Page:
“You’re almost certainly aware, if you’re reading this, that climate scientists have been warning for years that human-induced global warming will bring us a future of these faster and more furious extreme weather events. When asked, we try to explain to what extent they are representative of those trends, vs. accidents of nature. Of course, they’re generally both at the same time, to varying degrees, and in my answers, I try to capture the nuances of that tension.

          But now the events are coming with such speed and ferocity that those nuances seem pointless.

          The nonstop, compound environmental disasters of this summer alone — the fires, heat waves, droughts, floods and hurricanes — would probably have been enough to shock us. But they also come after a year and a half of a pandemic. Even worse, they come atop an ongoing crisis for our democracy that is preventing us, as a nation and a species, from effectively meeting any of these challenges. The news about the floods here in the Northeast, the fires burning in the West and the too-slow relief and recovery from Ida in Louisiana are competing for our attention with the news that the Supreme Court and Texas state legislature have managed, at least for the moment, to effectively annul Roe v. Wade, dealing what looks to me like the worst blow to gender equality in my lifetime. This just after the same legislature passed another law that imposes harsh new restrictions on voting, a move supported by a constituency that still maintains that the 2020 presidential election was stolen. The same state government, and others like it, have done everything in their power to support those who resist mandating lifesaving public health measures on Covid — masks and vaccines — even as cases, hospitalizations and deaths surge.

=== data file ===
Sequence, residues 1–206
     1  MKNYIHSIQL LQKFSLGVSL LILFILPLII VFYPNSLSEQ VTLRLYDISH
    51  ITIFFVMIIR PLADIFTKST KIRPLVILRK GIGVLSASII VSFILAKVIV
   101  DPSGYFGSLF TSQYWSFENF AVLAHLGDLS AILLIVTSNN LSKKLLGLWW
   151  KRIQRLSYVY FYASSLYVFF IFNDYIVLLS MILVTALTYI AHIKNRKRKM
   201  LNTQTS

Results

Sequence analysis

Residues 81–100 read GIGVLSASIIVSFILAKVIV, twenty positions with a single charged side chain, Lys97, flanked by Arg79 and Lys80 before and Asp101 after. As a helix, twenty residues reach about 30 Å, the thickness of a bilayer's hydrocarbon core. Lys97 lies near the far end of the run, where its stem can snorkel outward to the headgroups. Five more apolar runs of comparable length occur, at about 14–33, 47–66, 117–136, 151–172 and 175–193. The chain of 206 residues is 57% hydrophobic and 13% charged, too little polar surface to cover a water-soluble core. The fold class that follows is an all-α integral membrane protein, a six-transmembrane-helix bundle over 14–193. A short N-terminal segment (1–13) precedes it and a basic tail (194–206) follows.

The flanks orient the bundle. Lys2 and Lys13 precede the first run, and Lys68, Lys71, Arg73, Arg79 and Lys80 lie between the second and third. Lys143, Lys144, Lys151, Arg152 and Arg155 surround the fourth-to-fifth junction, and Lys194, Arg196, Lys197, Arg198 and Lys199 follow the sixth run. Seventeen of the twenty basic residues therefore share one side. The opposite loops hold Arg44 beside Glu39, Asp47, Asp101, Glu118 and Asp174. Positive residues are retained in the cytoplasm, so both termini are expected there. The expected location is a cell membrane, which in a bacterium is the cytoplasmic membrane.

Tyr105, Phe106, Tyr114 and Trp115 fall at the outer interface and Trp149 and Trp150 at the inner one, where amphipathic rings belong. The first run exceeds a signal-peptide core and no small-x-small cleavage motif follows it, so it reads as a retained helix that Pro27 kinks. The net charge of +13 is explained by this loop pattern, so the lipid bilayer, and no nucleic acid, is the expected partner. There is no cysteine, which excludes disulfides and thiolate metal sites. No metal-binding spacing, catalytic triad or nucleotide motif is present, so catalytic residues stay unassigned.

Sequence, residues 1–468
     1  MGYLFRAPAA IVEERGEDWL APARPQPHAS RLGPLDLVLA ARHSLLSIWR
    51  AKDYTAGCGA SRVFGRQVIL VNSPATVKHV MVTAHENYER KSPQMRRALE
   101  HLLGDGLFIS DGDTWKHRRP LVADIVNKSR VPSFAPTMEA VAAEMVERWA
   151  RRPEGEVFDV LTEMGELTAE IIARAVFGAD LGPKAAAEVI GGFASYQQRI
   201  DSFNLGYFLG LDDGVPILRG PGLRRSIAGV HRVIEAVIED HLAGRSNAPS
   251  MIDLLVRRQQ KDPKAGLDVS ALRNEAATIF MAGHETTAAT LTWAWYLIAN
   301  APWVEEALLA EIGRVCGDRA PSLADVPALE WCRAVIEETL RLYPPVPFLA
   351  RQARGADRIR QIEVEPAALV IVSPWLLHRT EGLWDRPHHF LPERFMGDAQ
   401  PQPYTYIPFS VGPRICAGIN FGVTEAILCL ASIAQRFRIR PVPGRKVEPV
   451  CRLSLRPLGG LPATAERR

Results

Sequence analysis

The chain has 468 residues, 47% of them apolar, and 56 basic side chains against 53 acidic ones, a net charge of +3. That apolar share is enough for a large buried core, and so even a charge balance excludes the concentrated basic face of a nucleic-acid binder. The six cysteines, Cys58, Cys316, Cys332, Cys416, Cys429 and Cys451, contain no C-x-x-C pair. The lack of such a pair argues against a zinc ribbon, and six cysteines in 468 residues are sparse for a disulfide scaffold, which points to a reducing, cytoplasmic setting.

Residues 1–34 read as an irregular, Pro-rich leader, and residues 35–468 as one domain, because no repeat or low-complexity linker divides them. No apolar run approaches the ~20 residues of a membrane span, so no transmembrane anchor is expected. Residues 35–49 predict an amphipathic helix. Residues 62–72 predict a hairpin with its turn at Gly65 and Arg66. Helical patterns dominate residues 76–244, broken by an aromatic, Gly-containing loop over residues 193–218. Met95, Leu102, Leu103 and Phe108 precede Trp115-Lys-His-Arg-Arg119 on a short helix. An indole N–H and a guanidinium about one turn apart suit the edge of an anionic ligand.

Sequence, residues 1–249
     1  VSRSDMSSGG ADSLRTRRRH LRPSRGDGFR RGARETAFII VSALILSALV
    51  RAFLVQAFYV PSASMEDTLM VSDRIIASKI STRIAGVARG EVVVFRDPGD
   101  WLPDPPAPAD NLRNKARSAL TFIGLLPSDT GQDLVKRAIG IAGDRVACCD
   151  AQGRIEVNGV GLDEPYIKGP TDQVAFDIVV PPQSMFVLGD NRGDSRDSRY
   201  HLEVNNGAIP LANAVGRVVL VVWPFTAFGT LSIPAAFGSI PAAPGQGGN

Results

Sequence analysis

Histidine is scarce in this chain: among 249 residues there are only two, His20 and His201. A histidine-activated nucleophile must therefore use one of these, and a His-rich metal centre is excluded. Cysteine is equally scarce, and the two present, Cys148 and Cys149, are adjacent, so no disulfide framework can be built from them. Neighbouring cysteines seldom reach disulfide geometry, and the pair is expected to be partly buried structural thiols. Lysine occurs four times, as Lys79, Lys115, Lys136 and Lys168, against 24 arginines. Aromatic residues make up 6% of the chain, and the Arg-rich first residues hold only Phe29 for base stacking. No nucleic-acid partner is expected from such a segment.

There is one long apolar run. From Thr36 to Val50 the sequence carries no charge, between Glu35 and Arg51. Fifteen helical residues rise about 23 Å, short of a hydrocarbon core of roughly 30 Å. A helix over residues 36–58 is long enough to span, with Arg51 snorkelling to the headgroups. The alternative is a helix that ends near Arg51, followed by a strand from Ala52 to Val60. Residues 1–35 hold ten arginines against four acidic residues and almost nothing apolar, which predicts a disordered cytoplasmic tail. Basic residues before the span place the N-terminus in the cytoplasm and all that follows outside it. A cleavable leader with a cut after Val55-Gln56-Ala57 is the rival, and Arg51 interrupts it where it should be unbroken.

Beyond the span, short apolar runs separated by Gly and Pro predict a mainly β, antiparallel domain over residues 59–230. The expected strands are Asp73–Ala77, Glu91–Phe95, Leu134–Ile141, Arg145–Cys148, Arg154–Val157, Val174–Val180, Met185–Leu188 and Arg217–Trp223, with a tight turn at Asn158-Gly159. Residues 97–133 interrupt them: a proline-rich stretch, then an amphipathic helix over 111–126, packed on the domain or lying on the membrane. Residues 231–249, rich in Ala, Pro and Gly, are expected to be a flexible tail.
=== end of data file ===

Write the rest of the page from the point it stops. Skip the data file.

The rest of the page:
With this retrograde faction as powerful as it is in our national politics, we’re supposed to solve the climate problem? I know this is an unhelpful attitude. And notwithstanding all the bad news, there is, simultaneously, tremendous positive momentum on climate. The President and a Democratic majority in Congress are taking the issue more seriously than ever before, and the infrastructure and budget reconciliation bills offer a potentially historic opportunity to make investments in clean energy, climate adaptation and climate justice that start to take the scale of the problem seriously. The youth climate movement is energized and inspiring. Flat-out climate denial is waning.

          In the big picture, the climate problem is, in principle, solvable. With existing technology and resources, and sufficient collective effort and political will, we, the human species, have what it takes to modify our energy system to minimize future warming and adapt to protect those most vulnerable from what can’t be prevented. But many among us, including those in positions of great power, don’t want to do those things — or even things that would seem much more personally immediate, like encouraging vaccination against Covid-19.